Court rules Victoria’s Secret’s use of the name Pink in the UK infringes on Thomas Pink’s trademarks.
Court rules Victoria’s Secret’s use of the name Pink in the UK infringes on Thomas Pink’s trademarks.

Victoria’s Secret not in the pink after losing court battle

LINGERIE brand Victoria's Secret has lost its battle with the shirtmaker Thomas Pink over the right to use the name Pink.

US-based Victoria's Secret launched its "college girls" Pink brand in 2004 in the US and opened a UK store in Bond Street in London in 2012.

LVMH-owned Thomas Pink took the brand to court over the use of the name. The High Court held that Victoria's Secret's use of the name Pink in the UK infringes on Thomas Pink's UK and European Community trademarks.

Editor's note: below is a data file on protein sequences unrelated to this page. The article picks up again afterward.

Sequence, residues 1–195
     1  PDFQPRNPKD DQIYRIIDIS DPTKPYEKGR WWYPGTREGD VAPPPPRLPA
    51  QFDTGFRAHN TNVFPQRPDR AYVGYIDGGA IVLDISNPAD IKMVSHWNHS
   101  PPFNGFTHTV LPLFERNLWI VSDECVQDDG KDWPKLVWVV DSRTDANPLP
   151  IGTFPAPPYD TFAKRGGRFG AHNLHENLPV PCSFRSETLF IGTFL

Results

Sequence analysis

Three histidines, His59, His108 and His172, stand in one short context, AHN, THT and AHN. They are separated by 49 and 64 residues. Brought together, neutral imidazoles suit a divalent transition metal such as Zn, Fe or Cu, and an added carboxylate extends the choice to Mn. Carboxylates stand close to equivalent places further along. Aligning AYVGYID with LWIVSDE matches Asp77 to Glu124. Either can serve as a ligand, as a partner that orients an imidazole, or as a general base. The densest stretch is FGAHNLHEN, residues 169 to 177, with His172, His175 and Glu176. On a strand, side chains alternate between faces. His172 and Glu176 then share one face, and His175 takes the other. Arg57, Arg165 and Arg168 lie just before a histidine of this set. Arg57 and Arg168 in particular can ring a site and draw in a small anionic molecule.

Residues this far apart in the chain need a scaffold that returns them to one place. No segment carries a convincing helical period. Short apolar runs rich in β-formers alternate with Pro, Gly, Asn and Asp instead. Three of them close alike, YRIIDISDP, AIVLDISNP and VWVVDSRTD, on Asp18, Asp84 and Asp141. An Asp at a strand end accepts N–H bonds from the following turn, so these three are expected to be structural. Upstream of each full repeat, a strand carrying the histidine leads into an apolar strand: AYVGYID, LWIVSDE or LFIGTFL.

Jonathan Heilbron, president of Thomas Pink, said: "We… will continue to protect the considerable investment that has been made into building Thomas Pink into a leading luxury clothing brand."

The decision could mean Victoria's Secret will have to stop using its Pink brand in the UK.

Tom Carl, senior associate at law firm Taylor Wessing, said: "This decision does not mean it's open season for any fashion brand to trade mark and attempt to monopolise colour names.

Thomas Pink's 'PINK' trade mark is only registered in a specific logo form - not the word itself - and the court held that it was only valid due to having 'acquired distinctiveness' among consumers, having been used as a brand since the company opened its doors in 1984."
 



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